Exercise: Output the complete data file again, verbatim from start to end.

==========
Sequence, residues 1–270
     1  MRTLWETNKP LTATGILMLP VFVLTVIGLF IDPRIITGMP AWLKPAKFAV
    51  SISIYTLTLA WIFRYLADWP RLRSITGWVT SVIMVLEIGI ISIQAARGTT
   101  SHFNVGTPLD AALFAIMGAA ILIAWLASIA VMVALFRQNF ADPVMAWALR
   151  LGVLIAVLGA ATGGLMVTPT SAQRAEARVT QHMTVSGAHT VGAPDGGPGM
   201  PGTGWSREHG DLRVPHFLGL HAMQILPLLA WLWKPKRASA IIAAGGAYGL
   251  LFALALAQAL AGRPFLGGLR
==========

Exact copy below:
Sequence, residues 1–270
     1  MRTLWETNKP LTATGILMLP VFVLTVIGLF IDPRIITGMP AWLKPAKFAV
    51  SISIYTLTLA WIFRYLADWP RLRSITGWVT SVIMVLEIGI ISIQAARGTT
   101  SHFNVGTPLD AALFAIMGAA ILIAWLASIA VMVALFRQNF ADPVMAWALR
   151  LGVLIAVLGA ATGGLMVTPT SAQRAEARVT QHMTVSGAHT VGAPDGGPGM
   201  PGTGWSREHG DLRVPHFLGL HAMQILPLLA WLWKPKRASA IIAAGGAYGL
   251  LFALALAQAL AGRPFLGGLR